A high school in Anaheim's Confederate soldier mascot has stirred up controversy amid a larger national debate over the way secessionist rebels should be treated in modern America.
Since the school was founded in the 1960s, students have rallied around Johnny Rebel, a Confederate soldier.
Though sometimes depicted as a cartoon, in many places on the school's campus he is portrayed with a photo of a Confederate soldier, brandishing a gun as he appears to charge into battle. Elsewhere, including the school's website, it is declared as the "home of rebel pride."
A statue of the figure previously stood in the school's quad from 1964 until 2009, when it was removed due to decay, according to the Orange County Register.
In 2015, the removal was made permanent when the Anaheim Union High School District board struck down a bid to restore the statue due to its controversial nature, Savanna Principal Carlos Hernandez said in a statement.
That same year the school also took down a Confederate flag that flew above the campus, OC Weekly reported.
But the debate surrounding Johnny Rebel did not disappear, and students at the school and community members are speaking out about their wish for the mascot to change.
Student Aaron Showalter said he feels his school should "rebrand" to remove the mascot's ties to the Confederacy.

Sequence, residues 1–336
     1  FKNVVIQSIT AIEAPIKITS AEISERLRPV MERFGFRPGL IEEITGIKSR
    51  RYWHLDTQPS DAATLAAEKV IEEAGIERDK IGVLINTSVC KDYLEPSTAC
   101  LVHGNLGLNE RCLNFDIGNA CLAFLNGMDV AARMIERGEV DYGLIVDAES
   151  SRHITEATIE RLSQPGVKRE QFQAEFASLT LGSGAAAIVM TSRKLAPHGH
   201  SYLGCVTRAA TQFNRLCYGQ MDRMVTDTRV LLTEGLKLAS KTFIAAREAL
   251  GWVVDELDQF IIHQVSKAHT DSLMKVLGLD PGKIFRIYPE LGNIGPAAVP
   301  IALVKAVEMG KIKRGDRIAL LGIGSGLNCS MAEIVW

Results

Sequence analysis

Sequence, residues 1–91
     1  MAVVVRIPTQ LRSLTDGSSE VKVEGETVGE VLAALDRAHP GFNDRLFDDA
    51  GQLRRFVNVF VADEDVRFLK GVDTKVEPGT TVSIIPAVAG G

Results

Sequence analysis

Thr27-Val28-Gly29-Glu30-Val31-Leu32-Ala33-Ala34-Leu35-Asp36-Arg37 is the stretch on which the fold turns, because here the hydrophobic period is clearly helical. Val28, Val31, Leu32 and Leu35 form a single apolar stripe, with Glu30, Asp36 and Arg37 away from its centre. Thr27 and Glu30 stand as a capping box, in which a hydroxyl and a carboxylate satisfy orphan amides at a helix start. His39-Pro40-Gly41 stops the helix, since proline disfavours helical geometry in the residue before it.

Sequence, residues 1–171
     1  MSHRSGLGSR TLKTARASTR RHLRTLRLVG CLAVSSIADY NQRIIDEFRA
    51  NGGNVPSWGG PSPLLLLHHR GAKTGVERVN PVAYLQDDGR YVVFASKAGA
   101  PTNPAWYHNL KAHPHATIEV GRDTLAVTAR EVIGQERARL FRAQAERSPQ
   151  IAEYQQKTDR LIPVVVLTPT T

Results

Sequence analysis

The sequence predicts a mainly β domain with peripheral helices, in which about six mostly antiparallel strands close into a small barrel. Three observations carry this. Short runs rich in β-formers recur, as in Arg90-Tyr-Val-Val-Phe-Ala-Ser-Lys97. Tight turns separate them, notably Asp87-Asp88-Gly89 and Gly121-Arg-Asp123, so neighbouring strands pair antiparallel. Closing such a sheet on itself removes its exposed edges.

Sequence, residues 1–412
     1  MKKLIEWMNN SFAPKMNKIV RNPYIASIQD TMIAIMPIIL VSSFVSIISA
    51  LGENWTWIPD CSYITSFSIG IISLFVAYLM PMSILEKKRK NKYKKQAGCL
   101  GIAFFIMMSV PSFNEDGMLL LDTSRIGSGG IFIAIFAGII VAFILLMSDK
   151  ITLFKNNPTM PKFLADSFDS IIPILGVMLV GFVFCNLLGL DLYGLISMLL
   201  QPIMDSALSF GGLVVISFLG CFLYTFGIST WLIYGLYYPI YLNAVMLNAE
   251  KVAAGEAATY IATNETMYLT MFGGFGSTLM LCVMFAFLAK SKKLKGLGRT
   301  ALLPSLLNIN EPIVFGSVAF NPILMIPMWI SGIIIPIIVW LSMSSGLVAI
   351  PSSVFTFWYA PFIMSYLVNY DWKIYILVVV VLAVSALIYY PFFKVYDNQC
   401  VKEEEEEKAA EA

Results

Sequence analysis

“I don’t think being a rebel is a problem but I think that Johnny Rebel, the actual mascot, is a problem,” he said.
Several other students told KTLA they believe the mascot should be changed but did not want to go on record out of concern for their safety.
The student body planned to present their concerns to school administrators during a forum scheduled for 10 a.m. Wednesday.
The meeting was scheduled after the school board received complaints about the mascot and students began discussing the potential change on social media.
"The board of trustees, as elected representatives of the community, has final authority over the mascot, but seeks the student voice and sees this as a 'teachable moment' for students," Principal Hernandez said in a statement. "Since Savanna is a California Democracy School, this issue will test the staff and students as to whether there can be civil discourse about a controversial, but relevant, national issue."
The week before the student-led town hall, social studies classes at the school focused on the debate.
The school district could potentially make its final decision at a Nov. 2 board meeting, where community members will also be able to give their input, Hernandez said.